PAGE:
Shelton explained just a few of the ways the new tax proposal will hurt CWA members and working families across the nation.

  • It limits the ability to deduct property taxes and completely eliminates the ability to deduct state and local taxes.
  • It gets rid of tax deductions that help families pay education expenses. It will tax directly the value of employer-provided education assistance that at least 10,000 CWA members use.
  • It restricts the amount of home mortgage interest that can be deducted, hurting CWA members and working people especially in areas like California, New York, New Jersey, and other states with high housing costs.
  • It wipes out the ability of families to deduct their medical expenses.
  • Any employer-provided child care benefit will be taxed, and assistance from employers to help CWA families adopt a child also will be taxed.

“We cannot allow tax cuts for the wealthy to harm millions of working families. CWA and our allies are fighting back against this massive transfer of dollars from working families to the richest 1 percent,” added Shelton.

David J Cox, President of the American Federation of Government Employees (AFGE) also spoke out against the new tax plan.

“The tax plan unveiled by House leadership would mostly benefit those who need the help the least: wealthy individuals and large corporations. While the plan would lower the tax rate for many middle-income families, most would end up having more of their income taxed. And the plan would actually raise taxes on our poorest citizens.”

“Too many American workers have been suffering from stagnant wages, rising costs for health care and other essentials, and an economic system that favors the millionaires and billionaires. This plan does nothing to help them,” he concluded.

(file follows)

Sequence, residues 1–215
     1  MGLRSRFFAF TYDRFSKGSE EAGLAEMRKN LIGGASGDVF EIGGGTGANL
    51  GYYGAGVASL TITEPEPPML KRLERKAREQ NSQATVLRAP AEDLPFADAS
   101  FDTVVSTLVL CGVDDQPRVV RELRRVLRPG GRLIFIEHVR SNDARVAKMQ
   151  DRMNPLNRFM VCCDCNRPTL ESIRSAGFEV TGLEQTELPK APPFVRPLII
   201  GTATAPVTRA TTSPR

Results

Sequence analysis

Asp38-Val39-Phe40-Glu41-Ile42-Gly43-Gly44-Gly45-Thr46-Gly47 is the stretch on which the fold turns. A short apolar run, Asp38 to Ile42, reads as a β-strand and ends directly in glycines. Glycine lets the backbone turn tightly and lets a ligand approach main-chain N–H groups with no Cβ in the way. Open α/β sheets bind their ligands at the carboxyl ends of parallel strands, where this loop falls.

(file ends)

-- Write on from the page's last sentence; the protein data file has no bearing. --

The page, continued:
The new plan angered the Alliance for Retired Americans, a national advocacy group for seniors.

“This is the latest cruel scheme. The tax cuts for the wealthiest Americans are so massive that they plan to cut nearly $500 billion from Medicare and more than $1 trillion from Medicaid over the next 10 years to pay for them – but they will still add $1.5 trillion to the deficit,” said Richard Fiesta, Executive Director of the Alliance for Retired Americans.

“Exacerbating the problems they are creating, the House and the Trump Administration would no longer allow Americans, including retirees, to deduct their medical expenses, including nursing home costs or out of pocket medical or dental expenses from their taxes.”

Even some on the right oppose this new tax proposal. The Concord Coalition, a self proclaimed “non-partisan, grassroots organization,” heavily funded by former Sec. of Commerce Peter G Peterson, spoke out against this new proposal calling it “fiscally irresponsible.”

“True tax reform should aim to grow the economy without growing the debt ” said Robert L. Bixby, Concord’s executive director. “This plan would move U.S. fiscal policy in a dangerous direction, openly inviting higher deficits in the face of unsustainable debt.”